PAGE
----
Image Credit: Dana A.Shams/©Gulf News

In his seminal work, ‘The Theory of The Leisure Class’, Thorstein Veblen coined the phrase “conspicuous consumption”. stating ‘In order to gain and hold the esteem of men, it is not sufficient merely to possess wealth or power. The wealth or power must be put in evidence, for esteem is awarded purely on evidence’.

It is from his work that economists were able to understand the demand for luxury assets, including trophy properties, that have, historically proved to exhibit a greater resilience to downward market cycles. And for the most part, outperform other property subsets in rising markets.

Dubai has been no different, with trophy properties rising by a staggering 158 per cent since 2007, far outperforming the upper-mid and mid-income segments of the market (by 47 per cent and 16 per cent respectively). Areas such as the Palm Jumeirah have stood out even by these lofty standards, with a price appreciation of 225 per cent, clearly indicating the superior demand of this address among global investors.

 

Array of projects

This is even as experts continue to voice concern over the growing shortage of mid-income properties, leading to inflationary pressures as rents surge within this segment. Expressions that villas are the safest investment have entered the mainstream lexicon, and developers, paying heed to historical price trends, have responded by offering an increasing array of spectacular projects as Dubai gears up for its next building boom.

However, it is interesting that the pipeline of supply is showing an increasing tilt towards the trophy property and the villa segment (the latter accounting for a third of future premium projects, compared to 13 per cent historically). When compared to projected population growth, these reveal an overhang of supply for the next two to three years.

Interestingly enough, price action in the last six to eight months reveal perhaps the beginning of a shift in investor behaviour, with the mid-income segment outperforming the trophy segment by nearly 50 per cent (18 per cent rise for the former as compared to 12 per cent for the latter). This trend of relative outperformance is expected to continue, especially when population forecasts released by the Dubai Statistics Centre are taken into account.

Forty-three per cent of the expected growth in population between now and 2020 is expected to be in the mid-income segment, and it is in this category that the supply shortfall is the greatest (by 3,425 units in the next 18 months). It is no surprise therefore to note that rents in this segment are surging by the highest level since 2007.

A transaction and correlation analysis of time series data reveals that transactions are a leading indicator of price trends. In the last six months, transactions at the upper end of the market have declined by as much as 50 per cent; similar declines have been witnessed in the villa segment.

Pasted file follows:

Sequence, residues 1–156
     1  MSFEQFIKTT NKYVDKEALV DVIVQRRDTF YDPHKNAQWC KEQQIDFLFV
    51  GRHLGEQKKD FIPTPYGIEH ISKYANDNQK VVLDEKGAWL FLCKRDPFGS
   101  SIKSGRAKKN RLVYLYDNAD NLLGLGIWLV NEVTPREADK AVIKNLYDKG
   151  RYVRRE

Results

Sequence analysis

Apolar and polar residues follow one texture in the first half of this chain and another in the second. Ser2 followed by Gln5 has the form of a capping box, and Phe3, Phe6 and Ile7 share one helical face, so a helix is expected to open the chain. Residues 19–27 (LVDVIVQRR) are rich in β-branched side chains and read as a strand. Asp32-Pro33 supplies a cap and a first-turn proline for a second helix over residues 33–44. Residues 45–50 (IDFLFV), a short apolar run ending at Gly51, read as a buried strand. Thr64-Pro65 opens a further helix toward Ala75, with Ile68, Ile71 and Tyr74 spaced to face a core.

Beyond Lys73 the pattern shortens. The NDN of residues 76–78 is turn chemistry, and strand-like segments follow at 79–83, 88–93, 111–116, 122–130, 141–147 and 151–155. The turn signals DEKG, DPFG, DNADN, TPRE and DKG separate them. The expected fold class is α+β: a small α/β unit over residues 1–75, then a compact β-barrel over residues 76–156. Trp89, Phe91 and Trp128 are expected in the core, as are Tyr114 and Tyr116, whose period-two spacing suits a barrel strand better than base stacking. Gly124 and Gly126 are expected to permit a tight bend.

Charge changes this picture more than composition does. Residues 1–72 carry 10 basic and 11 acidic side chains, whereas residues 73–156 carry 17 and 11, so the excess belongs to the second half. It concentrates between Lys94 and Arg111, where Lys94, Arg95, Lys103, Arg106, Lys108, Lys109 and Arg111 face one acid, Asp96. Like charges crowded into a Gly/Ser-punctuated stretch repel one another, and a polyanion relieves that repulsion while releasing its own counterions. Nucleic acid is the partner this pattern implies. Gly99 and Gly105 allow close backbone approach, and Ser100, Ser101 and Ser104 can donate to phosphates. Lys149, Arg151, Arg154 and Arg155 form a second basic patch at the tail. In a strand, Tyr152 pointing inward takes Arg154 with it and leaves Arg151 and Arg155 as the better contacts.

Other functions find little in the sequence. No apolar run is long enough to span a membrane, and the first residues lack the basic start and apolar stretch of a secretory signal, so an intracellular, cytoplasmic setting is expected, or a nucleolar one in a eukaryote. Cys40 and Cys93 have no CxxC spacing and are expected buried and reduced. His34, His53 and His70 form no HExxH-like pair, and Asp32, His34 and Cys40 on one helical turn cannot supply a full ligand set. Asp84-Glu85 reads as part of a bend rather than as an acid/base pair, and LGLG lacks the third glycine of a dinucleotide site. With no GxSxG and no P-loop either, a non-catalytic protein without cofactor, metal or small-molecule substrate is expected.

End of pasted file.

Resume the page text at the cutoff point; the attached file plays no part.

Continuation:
The mid-income segment has continued at a steady pace, and correlation trends indicate that for the mid-income segment such as the Greens and International city, price declines are expected to be negligible, whereas for the villa segment and the trophy market sector, declines of as much as 15 per cent is expected (again this has already been witnessed in certain sub-segments, with listed prices already down by 10 per cent in the last three months).

Perhaps the greatest indicator of the coming sluggishness in the higher end of the market (already underway as per the time series data) is when a valuation analysis is done using James Tobin’s Q ratio (an indicator of the relative overvaluation of an asset when compared to its book or replacement value, for which he won the Nobel Prize for economics in 1981). This reveals a ratio of over 2.1 for the trophy segment compared to 1.6 for the mid-income segment, revealing not only an absolute overvaluation, but also a relative overvaluation as well.

It is pertinent to note that the data streams only show a correction and sluggishness at the high-end, and not a repeat of any systemic decline as occurred in 2008. This is healthy for the markets, for only this sluggishness in price trends will cause a recalibration of the supply pipeline and allow developers to cater to the mid-income segment, for which there is pent up demand.

Especially when the few developers who are catering to this segment continue to report strong sales, even as transaction volumes have declined.

Trophy properties will always retain their cache, but in the upcoming price cycle, it is relevant to note that they are expected to underperform. Investors and developers alike will do well to take heed.

 

— The writer is the managing director of Global Capital Partners.